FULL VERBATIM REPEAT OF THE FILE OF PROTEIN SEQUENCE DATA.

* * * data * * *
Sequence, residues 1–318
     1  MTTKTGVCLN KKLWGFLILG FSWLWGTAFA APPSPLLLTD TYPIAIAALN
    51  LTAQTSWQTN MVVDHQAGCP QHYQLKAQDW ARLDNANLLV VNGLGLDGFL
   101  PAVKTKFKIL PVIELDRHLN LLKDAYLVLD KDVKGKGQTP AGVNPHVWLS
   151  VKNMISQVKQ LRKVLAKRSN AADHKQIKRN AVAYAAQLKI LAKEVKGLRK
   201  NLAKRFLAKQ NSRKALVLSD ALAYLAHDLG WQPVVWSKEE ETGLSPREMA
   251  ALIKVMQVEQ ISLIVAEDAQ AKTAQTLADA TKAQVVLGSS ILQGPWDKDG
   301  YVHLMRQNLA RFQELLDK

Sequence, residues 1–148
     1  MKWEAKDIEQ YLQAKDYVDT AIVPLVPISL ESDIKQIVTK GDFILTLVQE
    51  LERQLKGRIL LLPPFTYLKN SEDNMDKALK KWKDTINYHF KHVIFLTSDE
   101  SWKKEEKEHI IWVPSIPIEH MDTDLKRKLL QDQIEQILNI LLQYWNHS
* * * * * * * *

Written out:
Sequence, residues 1–318
     1  MTTKTGVCLN KKLWGFLILG FSWLWGTAFA APPSPLLLTD TYPIAIAALN
    51  LTAQTSWQTN MVVDHQAGCP QHYQLKAQDW ARLDNANLLV VNGLGLDGFL
   101  PAVKTKFKIL PVIELDRHLN LLKDAYLVLD KDVKGKGQTP AGVNPHVWLS
   151  VKNMISQVKQ LRKVLAKRSN AADHKQIKRN AVAYAAQLKI LAKEVKGLRK
   201  NLAKRFLAKQ NSRKALVLSD ALAYLAHDLG WQPVVWSKEE ETGLSPREMA
   251  ALIKVMQVEQ ISLIVAEDAQ AKTAQTLADA TKAQVVLGSS ILQGPWDKDG
   301  YVHLMRQNLA RFQELLDK

Sequence, residues 1–148
     1  MKWEAKDIEQ YLQAKDYVDT AIVPLVPISL ESDIKQIVTK GDFILTLVQE
    51  LERQLKGRIL LLPPFTYLKN SEDNMDKALK KWKDTINYHF KHVIFLTSDE
   101  SWKKEEKEHI IWVPSIPIEH MDTDLKRKLL QDQIEQILNI LLQYWNHS